The House has released the testimony of Catherine Croft, a Ukraine specialist with the State Department. The transcript is one of a number released ahead of the first public hearings of the impeachment inquiry into President Trump.

It's Round 2 of the first Democratic primary debate in Miami. The stage is headliner-heavy with former Vice President Joe Biden, Vermont Sen. Bernie Sanders, California Sen. Kamala Harris and Mayor Pete Buttigieg of South Bend, Ind.

Updated at 9:37 p.m. ET

The Justice Department has released a redacted copy of special counsel Robert Mueller's report into Russian interference in the 2016 presidential election.

» A copy of the document is available here.

Christine Blasey Ford has accused Supreme Court nominee Judge Brett Kavanaugh of sexually assaulting her when they were in high school in the early 1980s. On Thursday the psychology professor is testifying before the Senate Judiciary Committee. Read her opening statement below.

On Monday, authorities in Yemen declared a state of emergency due to a sharp rise in cholera deaths.

Yemen has been at war for more than two years — a Saudi-led coalition has been battling Shiite Houthi rebels aligned with Iran — leaving a reported 10,000 dead. The fighting has decimated much of the country's infrastructure, including its medical facilities. The World Health Organization said in April that fewer than half of Yemen's medical centers were functioning to capacity.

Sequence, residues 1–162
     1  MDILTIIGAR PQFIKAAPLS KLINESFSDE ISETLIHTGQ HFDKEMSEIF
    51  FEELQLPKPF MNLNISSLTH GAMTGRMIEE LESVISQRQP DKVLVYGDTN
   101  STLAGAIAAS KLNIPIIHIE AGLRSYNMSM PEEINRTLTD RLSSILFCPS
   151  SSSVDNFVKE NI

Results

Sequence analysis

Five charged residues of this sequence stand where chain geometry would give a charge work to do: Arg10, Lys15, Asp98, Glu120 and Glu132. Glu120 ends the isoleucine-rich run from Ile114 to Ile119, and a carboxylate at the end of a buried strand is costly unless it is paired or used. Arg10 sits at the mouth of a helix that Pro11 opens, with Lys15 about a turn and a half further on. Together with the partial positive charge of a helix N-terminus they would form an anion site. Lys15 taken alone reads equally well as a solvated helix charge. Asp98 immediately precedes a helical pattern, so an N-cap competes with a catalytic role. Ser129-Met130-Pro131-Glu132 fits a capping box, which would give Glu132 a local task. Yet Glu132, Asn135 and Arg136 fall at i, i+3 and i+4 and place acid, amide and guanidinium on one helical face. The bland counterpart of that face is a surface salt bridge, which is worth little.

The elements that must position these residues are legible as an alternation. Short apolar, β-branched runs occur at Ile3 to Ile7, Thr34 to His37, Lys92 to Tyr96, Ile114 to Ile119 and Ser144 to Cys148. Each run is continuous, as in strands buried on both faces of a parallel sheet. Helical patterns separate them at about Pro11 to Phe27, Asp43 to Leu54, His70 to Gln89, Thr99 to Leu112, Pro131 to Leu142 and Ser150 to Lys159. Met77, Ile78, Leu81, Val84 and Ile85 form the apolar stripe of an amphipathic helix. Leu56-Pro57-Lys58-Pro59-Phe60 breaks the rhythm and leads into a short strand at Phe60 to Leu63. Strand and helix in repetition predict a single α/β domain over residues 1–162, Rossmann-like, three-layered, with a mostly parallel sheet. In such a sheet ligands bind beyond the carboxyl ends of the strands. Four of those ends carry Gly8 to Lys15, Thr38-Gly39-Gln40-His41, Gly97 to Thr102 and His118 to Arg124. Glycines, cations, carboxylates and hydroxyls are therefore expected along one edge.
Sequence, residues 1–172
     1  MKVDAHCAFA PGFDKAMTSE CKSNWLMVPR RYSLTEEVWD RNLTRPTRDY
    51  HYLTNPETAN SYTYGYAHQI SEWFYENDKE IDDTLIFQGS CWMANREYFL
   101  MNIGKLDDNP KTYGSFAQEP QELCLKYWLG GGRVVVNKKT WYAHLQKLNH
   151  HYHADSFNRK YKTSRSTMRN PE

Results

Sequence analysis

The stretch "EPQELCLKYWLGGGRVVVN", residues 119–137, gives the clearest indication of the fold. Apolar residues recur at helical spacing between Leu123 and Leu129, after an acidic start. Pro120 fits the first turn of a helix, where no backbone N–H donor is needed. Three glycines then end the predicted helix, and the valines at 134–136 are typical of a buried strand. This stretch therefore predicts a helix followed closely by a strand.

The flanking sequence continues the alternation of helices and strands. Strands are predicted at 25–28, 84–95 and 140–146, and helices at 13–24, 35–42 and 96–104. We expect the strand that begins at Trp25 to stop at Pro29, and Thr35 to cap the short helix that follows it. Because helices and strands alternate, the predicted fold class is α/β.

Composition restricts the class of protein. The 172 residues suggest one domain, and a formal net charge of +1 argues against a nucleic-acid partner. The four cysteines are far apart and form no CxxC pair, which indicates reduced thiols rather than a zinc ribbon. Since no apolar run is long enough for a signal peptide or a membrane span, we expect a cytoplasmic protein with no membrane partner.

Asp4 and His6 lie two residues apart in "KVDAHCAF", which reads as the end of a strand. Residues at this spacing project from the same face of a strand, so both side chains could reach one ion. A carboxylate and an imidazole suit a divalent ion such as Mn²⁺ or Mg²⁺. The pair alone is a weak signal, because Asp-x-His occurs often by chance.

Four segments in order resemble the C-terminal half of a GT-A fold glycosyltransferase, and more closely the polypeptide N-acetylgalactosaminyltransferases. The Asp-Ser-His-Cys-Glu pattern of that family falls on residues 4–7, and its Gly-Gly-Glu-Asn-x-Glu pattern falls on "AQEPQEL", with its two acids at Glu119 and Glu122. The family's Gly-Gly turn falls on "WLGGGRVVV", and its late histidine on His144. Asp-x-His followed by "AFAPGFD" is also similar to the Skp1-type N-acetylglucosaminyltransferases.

Copyright 2020 NPR. To see more, visit https://www.npr.org.

LAKSHMI SINGH, HOST:

President Trump will address a joint session of Congress for the first time on Tuesday evening at the Capitol, around 9:00 PM Eastern Time. The address comes a day after Trump gave an outline of his budget plan for Congress, which would increase defense spending and make cuts to domestic programs. Following tradition, House Speaker Paul Ryan invited the president to make the speech to lay out his agenda in the early days of his new administration.

It's become an annual tradition for NPR to host a live band in our studios for a full day. This year, we upped the ante and invited around 70 musicians from Washington, D.C.'s National Symphony Orchestra to play the musical interludes between stories on All Things Considered.